As ever, I wrote in the original version of this history ‘No doubt the protests will begin when the chapel is about to be demolished’. Little did I know how quickly the company would act once they had knowledge that we were trying to get the building ‘Listed’. To my eternal shame I let this one go without a fight and the bulldozers moved in – the Scott Street Chapel and all its associated buildings were demolished between 19th May and 23rd June 2001. I did manage to get some pictures of the demolition and these added to the few poor photographs I made of the interior (no flash!) in 1998, and a small survey of the exterior in 1997 are all that remain on record (see my photography page on this website). The site remains fenced off and vacant, with all trace of human inhabitation gone – Carr Street and Marsh Street have disappeared under the lorry park along with the chapel and just the Carr Street sign stares back through the characterless modern fencing. The urgently needed lorry park remains predominantly empty and the new owners make little use the expanded entrance.
Scott Street is now a shadow of its former self with just a few industrial buildings remaining and St Gregory’s Roman Catholic school-chapel built in 1893. Situated at the corner of Lockwood Street, I fear this may end up being the next victim in Scott Street. As for original chapels and church buildings in Sculcoates the picture is grim; the other old survivor was the Primitive Methodist Chapel on Wincolmlee, latterly used by Towndend’s as a Wines & Spirits warehouse – sadly they saw fit to demolish that too just a few years ago (see right). All that remain in the historic east part of Sculcoates now are St Mary’s Anglican church in Sculcoates Lane (built 1916), the only religious building left in the whole of Sculcoates of any real age is Glad Tidings Hall at the corner of Cave Street and Beverley Road, formerly the Zion New Connexion Methodist Hall – built in 1849.
I did hope that when the Scott Street Chapel had gone the powers that be might show a little more respect and interest in our architectural and social heritage but it seems little has chaged.
More and more irreplaceable buildings are added to the list of losses at an alarming rate whilst others stand empty with their fate in the hands of seemingly out of touch or unaware local and national authorities (see Albert Hall page on this website). A lesson unlearned.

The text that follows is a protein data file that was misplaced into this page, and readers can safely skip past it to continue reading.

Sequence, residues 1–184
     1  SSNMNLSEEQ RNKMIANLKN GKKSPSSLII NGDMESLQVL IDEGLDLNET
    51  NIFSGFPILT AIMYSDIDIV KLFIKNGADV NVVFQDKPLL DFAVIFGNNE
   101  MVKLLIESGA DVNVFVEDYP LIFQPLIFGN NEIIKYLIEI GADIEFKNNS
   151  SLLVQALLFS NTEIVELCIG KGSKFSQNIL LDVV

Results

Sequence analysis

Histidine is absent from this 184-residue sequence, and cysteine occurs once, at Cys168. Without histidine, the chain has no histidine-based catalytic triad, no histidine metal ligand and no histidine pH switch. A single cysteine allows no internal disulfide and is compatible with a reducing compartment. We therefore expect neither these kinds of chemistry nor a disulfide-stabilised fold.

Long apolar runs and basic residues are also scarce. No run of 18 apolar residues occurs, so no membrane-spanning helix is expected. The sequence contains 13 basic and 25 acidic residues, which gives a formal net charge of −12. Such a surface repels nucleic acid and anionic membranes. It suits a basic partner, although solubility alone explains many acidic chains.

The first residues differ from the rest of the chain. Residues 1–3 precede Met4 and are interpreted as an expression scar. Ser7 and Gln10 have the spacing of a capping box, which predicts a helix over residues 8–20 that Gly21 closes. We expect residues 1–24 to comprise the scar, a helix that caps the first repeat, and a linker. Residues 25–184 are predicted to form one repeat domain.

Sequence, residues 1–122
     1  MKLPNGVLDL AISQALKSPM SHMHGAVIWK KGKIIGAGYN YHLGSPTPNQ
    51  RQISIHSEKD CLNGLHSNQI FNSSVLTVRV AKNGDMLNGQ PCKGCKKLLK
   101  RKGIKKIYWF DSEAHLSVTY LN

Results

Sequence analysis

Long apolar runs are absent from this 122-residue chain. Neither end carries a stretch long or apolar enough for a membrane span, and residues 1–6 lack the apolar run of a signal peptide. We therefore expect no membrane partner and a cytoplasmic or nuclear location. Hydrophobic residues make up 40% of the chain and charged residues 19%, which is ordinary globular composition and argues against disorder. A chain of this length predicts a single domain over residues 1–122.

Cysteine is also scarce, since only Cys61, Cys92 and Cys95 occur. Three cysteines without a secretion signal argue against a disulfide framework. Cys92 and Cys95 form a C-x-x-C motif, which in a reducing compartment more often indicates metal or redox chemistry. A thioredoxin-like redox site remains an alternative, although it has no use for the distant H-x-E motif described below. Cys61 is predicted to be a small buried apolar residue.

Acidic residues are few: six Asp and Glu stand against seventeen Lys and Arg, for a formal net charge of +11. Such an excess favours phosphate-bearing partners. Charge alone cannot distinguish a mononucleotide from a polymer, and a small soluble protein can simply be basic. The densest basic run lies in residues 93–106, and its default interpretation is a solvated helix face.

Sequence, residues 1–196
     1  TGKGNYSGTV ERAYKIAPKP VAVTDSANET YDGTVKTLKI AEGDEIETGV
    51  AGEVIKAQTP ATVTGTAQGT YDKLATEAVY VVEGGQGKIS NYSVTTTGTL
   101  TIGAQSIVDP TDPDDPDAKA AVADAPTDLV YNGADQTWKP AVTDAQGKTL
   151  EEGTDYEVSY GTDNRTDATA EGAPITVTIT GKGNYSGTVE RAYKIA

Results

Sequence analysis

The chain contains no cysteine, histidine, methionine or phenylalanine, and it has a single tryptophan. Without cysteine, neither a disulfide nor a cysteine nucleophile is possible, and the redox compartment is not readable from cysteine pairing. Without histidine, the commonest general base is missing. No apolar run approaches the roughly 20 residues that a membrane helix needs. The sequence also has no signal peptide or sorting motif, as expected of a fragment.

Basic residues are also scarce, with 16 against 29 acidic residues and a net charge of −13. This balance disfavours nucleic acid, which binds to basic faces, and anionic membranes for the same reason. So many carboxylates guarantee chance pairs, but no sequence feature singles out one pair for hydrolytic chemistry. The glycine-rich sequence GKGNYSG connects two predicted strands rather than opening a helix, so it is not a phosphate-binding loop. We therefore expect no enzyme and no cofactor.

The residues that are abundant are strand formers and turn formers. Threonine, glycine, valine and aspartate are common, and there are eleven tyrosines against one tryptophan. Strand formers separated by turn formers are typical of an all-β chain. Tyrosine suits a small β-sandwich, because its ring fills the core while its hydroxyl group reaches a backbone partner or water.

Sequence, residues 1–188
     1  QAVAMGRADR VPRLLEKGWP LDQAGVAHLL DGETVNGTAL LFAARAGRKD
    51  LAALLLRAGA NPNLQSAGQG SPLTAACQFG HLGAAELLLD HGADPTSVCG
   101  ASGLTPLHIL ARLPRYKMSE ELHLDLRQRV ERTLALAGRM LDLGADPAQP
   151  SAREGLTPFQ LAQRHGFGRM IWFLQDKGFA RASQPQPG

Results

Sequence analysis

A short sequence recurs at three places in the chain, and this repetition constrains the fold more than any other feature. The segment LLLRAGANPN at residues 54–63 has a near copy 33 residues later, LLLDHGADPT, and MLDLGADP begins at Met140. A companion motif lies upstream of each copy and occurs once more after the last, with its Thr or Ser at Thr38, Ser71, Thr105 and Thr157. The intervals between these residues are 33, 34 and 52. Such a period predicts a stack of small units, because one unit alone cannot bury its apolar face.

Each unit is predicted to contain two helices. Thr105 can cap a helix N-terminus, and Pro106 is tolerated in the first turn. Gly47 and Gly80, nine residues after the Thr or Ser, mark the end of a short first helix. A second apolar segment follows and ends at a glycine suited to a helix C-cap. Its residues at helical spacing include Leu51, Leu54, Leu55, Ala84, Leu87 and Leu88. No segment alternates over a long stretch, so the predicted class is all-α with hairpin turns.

The Scott Street Chapel is shown right at Christmas 1996, and in the images below during June 1998.
© Paul L Gibson 1998
Revised October 2000 and updated for the Internet September 2009
Basic Chronology of Dates, Styles and Periods. Christopher Ketchell, unpublished manuscript. Hull, 1997.
Browns Illustrated Guide to Hull. E. Wrigglesworth 1890, reprinted by Mr Pye (Books). Howden, 1992.
History of the Town & Port of Kingston upon Hull. J.J. Sheahan, John Green & Co., second edition. Beverley, 1866.
Lost Churches & Chapels of Hull. David Neave with Geoff Bell, Christopher Ketchell and Susan Neave, Hull Museums & Art Galleries and the Hutton Press. Hull, 1991.
The Buildings of England: York and the East Riding. Nikolaus Pevsner (1972) and David Neave, Penguin Books. Second Edition, 1995.
The Streets of Hull: A History of their names. John Markham, Highgate Publications (Beverley) Ltd. Beverley, 1987.
Victoria County History of the County of York, East Riding, Volume 1 The City of Kingston upon Hull. Edited by K J Allison, Oxford University Press for Institute of Historical Research. 1969.
Thanks to Ted Tuxworth collection for 1984 Wincolmlee photograph
1832 Plan of Sculcoates by George Wilkinson. Hull City Archive ref. ICS 1449 (part)
1818 Plan of Hull by Thomas Anderson. Author's collection
1853 Ordnance Survey
1889 Ordnance Survey
1908 Ordnance Survey
1928 Ordnance Survey